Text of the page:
After the Chlorophonia called, a glance at the watch showed that it was 12:30 and time for us to roll down to the Pacific coast. We hoped to pick up a bird or two on the way and although the Orange-billed Nightingale-Thrushes in the coffee plantations were strangely silent, we at least managed to hear the distinctive clinky chip note of a Rufous-capped Warbler, and saw Hoffmann’s Woodpecker and White-winged Doves. Other birds were absent but how could I blame them; sunny late noon weather is about the most inactive birding weather you will ever find.
As we headed to our highway entrance, it suddenly dawned upon us that our quick route to the coast might actually by closed! I had somehow overlooked the obvious possibility that the highway would only be opened to go uphill so as to accommodate the hordes of post-Easter traffic that were returning back to the Central Valley after a few days at the beach. We raced to the entrance anyways but yes, our fears were confirmed and we had to race straight on back to the old, slower route down to the coast! This was going to cut at least 30 more minutes off of our schedule but what choice did we have?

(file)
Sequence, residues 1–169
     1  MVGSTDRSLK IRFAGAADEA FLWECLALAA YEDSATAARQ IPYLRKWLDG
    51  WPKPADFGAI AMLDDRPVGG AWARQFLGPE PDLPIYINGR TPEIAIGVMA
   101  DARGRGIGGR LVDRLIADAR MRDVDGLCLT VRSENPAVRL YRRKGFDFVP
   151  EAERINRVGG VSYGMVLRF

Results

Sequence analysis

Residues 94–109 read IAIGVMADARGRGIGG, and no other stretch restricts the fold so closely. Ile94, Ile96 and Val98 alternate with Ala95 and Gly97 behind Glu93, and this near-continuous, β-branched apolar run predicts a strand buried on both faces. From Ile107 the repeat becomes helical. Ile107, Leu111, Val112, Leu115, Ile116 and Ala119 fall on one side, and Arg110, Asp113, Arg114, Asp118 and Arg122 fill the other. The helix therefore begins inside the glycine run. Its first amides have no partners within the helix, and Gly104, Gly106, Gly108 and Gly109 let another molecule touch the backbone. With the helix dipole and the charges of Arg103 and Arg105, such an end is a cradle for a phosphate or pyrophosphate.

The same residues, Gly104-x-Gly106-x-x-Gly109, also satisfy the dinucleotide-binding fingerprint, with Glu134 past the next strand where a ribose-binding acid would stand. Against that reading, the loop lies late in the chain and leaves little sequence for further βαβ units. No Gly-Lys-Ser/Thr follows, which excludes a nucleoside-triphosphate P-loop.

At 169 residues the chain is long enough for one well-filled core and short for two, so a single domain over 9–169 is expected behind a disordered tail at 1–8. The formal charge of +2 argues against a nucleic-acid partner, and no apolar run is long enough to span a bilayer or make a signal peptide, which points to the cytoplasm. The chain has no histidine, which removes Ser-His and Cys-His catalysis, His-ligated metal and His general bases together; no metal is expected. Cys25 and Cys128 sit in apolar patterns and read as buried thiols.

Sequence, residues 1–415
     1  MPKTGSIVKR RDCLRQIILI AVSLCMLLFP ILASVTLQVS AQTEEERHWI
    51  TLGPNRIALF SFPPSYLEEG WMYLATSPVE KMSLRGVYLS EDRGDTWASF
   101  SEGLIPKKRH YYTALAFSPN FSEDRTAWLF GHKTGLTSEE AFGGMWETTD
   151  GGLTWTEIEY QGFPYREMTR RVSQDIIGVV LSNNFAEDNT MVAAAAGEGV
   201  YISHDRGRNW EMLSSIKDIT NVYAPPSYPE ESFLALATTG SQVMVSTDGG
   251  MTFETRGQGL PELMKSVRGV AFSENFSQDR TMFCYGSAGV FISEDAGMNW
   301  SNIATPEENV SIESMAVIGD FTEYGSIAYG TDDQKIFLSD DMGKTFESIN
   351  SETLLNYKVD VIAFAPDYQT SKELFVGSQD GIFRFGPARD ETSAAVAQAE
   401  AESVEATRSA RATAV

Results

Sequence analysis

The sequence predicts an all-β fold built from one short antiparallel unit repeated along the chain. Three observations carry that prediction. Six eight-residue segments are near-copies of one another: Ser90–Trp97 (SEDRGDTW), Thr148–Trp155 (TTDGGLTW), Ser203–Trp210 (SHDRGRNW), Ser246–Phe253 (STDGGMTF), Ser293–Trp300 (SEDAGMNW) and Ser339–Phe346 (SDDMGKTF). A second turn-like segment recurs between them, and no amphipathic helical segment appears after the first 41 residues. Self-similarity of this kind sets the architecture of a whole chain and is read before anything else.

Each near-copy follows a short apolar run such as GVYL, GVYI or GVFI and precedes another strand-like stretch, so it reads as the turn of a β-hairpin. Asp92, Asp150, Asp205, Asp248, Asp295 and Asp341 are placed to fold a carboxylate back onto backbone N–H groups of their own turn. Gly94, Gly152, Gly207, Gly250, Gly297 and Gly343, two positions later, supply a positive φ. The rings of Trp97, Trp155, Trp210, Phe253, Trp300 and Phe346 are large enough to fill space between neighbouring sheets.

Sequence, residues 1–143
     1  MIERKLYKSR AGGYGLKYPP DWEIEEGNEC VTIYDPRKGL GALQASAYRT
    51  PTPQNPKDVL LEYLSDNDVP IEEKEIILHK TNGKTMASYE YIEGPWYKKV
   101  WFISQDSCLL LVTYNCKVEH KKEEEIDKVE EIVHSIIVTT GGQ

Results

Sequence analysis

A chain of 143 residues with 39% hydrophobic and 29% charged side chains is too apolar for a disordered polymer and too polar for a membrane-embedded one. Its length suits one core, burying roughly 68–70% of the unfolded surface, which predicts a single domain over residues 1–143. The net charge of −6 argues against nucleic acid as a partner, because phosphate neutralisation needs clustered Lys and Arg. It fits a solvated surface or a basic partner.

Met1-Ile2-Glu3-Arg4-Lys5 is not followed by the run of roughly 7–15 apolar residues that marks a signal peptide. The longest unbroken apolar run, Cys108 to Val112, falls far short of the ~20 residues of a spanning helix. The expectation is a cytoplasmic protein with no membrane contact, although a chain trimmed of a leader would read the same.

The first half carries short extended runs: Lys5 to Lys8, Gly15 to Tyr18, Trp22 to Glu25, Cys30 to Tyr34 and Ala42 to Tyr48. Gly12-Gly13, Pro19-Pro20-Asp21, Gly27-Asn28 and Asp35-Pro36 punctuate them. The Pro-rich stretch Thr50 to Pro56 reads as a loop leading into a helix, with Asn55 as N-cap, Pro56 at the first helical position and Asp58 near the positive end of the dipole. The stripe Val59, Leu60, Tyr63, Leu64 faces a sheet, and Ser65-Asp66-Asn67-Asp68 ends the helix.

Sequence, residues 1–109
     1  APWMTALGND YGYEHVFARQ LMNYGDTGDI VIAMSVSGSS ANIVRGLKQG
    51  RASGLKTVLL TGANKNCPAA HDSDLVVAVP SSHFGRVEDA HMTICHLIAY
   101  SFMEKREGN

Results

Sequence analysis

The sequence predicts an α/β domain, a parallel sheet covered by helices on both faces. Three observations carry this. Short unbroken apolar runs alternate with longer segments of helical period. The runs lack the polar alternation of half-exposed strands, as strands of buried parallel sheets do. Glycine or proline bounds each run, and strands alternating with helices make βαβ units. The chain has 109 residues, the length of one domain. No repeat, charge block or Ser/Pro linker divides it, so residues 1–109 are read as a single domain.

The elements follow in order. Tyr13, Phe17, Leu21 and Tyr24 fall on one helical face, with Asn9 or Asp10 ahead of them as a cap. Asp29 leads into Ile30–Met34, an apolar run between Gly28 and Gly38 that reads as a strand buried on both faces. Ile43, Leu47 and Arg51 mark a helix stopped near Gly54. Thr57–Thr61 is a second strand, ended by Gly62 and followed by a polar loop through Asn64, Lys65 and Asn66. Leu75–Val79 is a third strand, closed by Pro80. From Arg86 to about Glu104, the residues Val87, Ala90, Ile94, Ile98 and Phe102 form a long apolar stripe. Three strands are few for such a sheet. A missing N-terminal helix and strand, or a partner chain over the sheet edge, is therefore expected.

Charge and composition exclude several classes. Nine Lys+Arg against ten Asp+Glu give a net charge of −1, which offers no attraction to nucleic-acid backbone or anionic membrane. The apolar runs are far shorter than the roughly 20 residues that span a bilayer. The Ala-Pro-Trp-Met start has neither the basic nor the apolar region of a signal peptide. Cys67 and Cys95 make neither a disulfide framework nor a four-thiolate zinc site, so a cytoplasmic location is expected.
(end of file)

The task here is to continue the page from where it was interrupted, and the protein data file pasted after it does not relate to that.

At least that alternative route passed by a small reservoir and it delivered with 4 new species! After ticking off Least Grebe, Blue-winged Teal, Anhinga, and Vaux’s Swift, we continued onwards down to the hot, dry coastal plain. Odd detours through Orotina also slowed things down but we eventually made it onto the Guacimo Road and picked up White-throated Magpie-Jay shortly thereafter. A quick stop gave us Plain-breasted and Common Ground-Doves as other birds came in to a Ferruginous Pygmy-Owl call, including the owl itself. Dry forest targets like Stripe-headed Sparrow, Olive Sparrow, White-lored Gnatcatcher, Nutting’s Flycatcher, and other birds quickly showed themselves.
At a good riparian spot, we got other targets like Turquoise-browed Motmot, Long-tailed Manakin, and Little Tinamou. Lesser Ground Cuckoo refused to announce itself but time was running out and we had other key sites to hit! One was the lagoon at Bajamar but as it turns out, the normally wide lagoon was almost bone dry! There was a bit of water but most of our hoped for waterbirds were foraging elsewhere because we only picked up a few Black-necked Stilts and Least Sandpiper.
Heading over to the coast, more pygmy-owl calling managed to add Streak-backed Oriole, Brown-crested Flycatcher, and Blue Grosbeak to the list while looking out to see turned up Royal Tern and Brown Pelican. Magnificent Frigatebirds also flew overhead but the fishing boats were just too far out to help us add gulls, Brown Booby, and maybe something else to the list.